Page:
In another embodiment, the blended powders for making the layers on the insert are embedded in a plastically deformable tape material. The services of a company such as Ragan Technologies, a division of Wallace Technical Ceramics, San Diego, Calif. may be employed for forming the blended powders into the desired tape material. The raw materials for making each layer, including a temporary binder, are mixed with water by traditional means. The blended material is then dried and made into a powder. The dry powder is fed into a tape forming machine where tape preforming rolls convert the powder mixture to tape form. A conveyor drying oven provides optimum temperatures and air circulation for the removal of water vapor and subsequently provides a zone for cooling of the tape. Finishing rolls perform a densification function, impart surface finish to the tape, and set the final thickness of the tape. Plastically deformable tape incorporating diamond, carbide, etc. powders may also be fabricated by Advanced Refractory Technologies, Inc. of Buffalo, N.Y.
The tape material for each layer containing the desired proportions of diamond, cobalt and carbide and/or carbonitride particles is cut and put into a punch and die apparatus for shaping the tape material to match the shape of the converging head portion of the completed insert. Each layer is placed on top of the insert in respective order and a zirconium "can" as described above is placed over the insert. When the layers are included on the grip portion of the insert, one or more layers of the tape may be wrapped around the insert. The binder contained in the tape is removed by heating the insert and zirconium "can" in vacuum at 650° C.
One or more of such assemblies formed from the above alternative embodiments is then placed in a conventional high-pressure cell for pressing in a belt press or cubic press. A variety of known cell configurations are suitable. An exemplary cell has a graphite heater surrounding such an assembly and insulated from it by salt or pyrophyllite for sealing the cell and transmitting pressure. Such a cell, including one or more such assemblies for forming a drill bit insert, is placed in a high pressure belt or cubic press and sufficient pressure is applied that diamond is thermodynamically stable at the temperatures involved in the sintering process. In an exemplary embodiment, a pressure of 50 kilobars is used.
As soon as the assembly is at high pressure, current is passed through the graphite heater tube to raise the temperature of the assembly to at least 1300° C., and preferably to between 1350° to 1400° C. When the assembly has been at high temperature for a sufficient period for sintering and formation of polycrystalline diamond, the current is turned off and the parts rapidly cooled by heat transfer to the water cooled anvils of the press. An exemplary run time in the press is eleven minutes. When the temperature is below 700° C., and preferably below 200° C., pressure can be released so that the cell and its contents can be ejected from the press. The metal cans and any other adhering material can be readily removed from the completed insert by sandblasting or etching. The grip of the completed insert may be diamond ground to a cylinder of the desired size for fitting in a hole in the drill bit. The composite layers of diamond crystals and particles of carbide and/or carbonitride are, of course, sintered by the high temperature and pressure and are no longer in the form of discrete particles that could be separated from each other. In addition, the layers sinter to each other.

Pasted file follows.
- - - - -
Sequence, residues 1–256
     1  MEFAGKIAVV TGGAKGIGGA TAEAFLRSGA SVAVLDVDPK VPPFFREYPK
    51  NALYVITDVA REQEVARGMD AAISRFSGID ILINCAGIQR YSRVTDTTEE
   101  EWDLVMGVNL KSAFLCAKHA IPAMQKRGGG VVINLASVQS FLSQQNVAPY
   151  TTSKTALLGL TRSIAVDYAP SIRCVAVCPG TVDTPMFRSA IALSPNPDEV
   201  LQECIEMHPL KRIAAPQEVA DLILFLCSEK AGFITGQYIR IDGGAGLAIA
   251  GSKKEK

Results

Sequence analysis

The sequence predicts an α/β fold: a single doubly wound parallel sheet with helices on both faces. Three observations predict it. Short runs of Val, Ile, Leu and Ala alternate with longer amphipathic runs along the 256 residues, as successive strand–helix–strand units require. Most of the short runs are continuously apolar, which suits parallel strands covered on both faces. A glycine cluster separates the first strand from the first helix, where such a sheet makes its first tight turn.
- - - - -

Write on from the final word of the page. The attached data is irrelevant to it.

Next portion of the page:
The PCD layers of the inserts thus formed are tough enough and hard enough optimally to drill rock formation with high compressive strength without cracking or spalling of the PCD layer. The PCD tipped inserts may be used for all of the cutting structure of the drill bit, including the gage row inserts.
Laboratory tests have been run comparing these new enhanced inserts with enhanced inserts having prior PCD and transition layers, and with conventional cemented tungsten carbide inserts (11% cobalt grade). The tested inserts were 9/16 inch (1.43 cm) diameter hemispherical inserts. Fatigue tests employed an acoustic emission sensor for detecting cracks where an anvil engaged the PCD layer on the insert at a 45° angle with respect to the axis of the insert. Compressive load was varied between 100 and 10,000 pounds (45 to 4500 Kg) and the number of cycles to failure was recorded. Fatigue strength is comparable to a standard tungsten carbide insert without a PCD layer, and about 30 to 50% better than a prior enhanced insert.